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Quoted in Dell Tech Page One: The value of not paying cyber extortionists

The value of not paying cyber extortionists By Erin Richey According to Sorin Mustaca, product manager for anti-virus company Avira GMBH, most extortionists negotiate in good faith. “In general, it is not common that the cybercriminals don’t keep their promise. They keep their promise because they want the next victim to pay,” wrote Mustaca in an email interview. He added, “The information we have about this phenomenon is very, very scarce. People are afraid to tell and, I think, also ashamed.” […] But Mustaca wrote that this is the reason not to pay: “If someone pays, even if it is $1, the more victims [extortionists] will make.” […] Most victims, Mustaca wrote, simply reinstall their operating systems without retrieving any data. If an organization has no plan in place and hasn’t prepared for the possibility of data loss, the results can be devastating.

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Quoted in Dell’s TechPageOne: Are attacks by governments the next big threat?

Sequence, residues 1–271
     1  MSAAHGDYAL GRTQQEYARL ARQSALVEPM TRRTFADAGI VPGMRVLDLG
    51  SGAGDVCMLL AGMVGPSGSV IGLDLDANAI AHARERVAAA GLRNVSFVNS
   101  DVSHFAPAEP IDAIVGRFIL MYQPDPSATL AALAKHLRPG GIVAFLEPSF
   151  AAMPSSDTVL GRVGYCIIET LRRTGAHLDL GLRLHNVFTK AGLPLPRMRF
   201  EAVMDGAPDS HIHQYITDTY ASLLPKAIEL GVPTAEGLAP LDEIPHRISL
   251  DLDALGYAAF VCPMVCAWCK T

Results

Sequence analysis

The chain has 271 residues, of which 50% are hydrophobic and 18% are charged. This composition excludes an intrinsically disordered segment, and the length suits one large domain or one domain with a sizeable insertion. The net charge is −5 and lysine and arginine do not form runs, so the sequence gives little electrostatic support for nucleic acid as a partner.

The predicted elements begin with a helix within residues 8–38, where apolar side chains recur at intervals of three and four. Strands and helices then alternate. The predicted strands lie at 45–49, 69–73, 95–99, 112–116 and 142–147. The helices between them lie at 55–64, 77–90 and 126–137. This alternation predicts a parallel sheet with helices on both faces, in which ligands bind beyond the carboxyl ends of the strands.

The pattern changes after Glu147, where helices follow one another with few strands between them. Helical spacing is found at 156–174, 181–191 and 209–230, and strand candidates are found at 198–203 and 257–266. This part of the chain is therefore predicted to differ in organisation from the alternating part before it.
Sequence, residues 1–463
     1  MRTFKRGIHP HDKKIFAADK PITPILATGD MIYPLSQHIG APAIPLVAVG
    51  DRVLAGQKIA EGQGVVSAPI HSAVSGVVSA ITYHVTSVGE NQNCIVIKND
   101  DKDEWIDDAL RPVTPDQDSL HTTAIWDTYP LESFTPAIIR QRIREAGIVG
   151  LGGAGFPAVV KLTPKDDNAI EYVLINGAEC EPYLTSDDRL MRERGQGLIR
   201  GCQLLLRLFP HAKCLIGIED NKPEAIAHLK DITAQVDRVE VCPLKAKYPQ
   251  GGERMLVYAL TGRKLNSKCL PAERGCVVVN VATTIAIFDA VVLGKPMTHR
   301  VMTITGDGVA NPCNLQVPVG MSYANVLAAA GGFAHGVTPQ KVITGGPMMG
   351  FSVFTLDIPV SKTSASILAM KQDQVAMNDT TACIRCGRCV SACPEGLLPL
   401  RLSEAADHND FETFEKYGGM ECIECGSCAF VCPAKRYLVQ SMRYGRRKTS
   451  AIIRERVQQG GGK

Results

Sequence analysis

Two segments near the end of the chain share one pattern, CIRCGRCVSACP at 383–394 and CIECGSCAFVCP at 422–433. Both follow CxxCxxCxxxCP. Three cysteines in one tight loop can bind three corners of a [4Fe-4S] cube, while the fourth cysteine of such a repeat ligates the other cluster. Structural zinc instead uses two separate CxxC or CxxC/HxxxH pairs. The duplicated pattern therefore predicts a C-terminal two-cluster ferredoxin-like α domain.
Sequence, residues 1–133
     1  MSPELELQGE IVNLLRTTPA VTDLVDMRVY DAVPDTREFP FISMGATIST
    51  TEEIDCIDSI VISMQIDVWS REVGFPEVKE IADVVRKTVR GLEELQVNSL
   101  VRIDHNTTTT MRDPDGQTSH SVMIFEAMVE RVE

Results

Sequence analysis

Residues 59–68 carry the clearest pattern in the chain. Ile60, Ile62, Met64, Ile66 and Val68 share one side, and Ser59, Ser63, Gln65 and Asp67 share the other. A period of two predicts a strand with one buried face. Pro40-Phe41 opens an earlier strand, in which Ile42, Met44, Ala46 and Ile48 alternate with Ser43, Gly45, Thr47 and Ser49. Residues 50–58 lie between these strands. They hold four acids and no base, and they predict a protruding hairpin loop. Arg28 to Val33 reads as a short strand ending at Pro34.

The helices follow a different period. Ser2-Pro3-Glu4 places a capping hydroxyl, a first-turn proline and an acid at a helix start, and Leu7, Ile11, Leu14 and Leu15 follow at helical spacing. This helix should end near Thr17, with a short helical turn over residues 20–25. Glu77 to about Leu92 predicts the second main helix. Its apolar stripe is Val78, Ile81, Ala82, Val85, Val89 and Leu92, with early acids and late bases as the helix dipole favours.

Are attacks by governments the next big threat? Small and medium-sized enterprises may be at risk for state-sponsored hacking By Michael O’Dwyer – Tech Page One April 17 2014 “My personal blogs are daily attacked by at least 500 IP addresses, which come from all over the world. Is it safe to assume that the [IP addresses reflect the attackers’ actual locations]? No, I think it is too easy,” says Sorin Mustaca, IT Security expert at Avira, a maker of anti-virus software.

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Quoted in Dell Tech Page One: Small businesses brace for the end of Windows XP

URL: Sorin Mustaca, an IT security expert at Avira, a global provider of IT-security protection for computers, smartphones, servers and networks, agrees that Windows 7 may be an easier option. ”Our experience shows us that most software is still not adapted to make native use of Windows 8′s new APIs (application programming interfaces) and functionalities,” he says. “So, it might be easier for most companies to plan a migration to Windows 7 than to Windows 8.” “Not upgrading is out of the question,” says Avira’s Mustaca. “From the moment that XP does not receive security updates, this operating system will [attract] cyber criminals.”  

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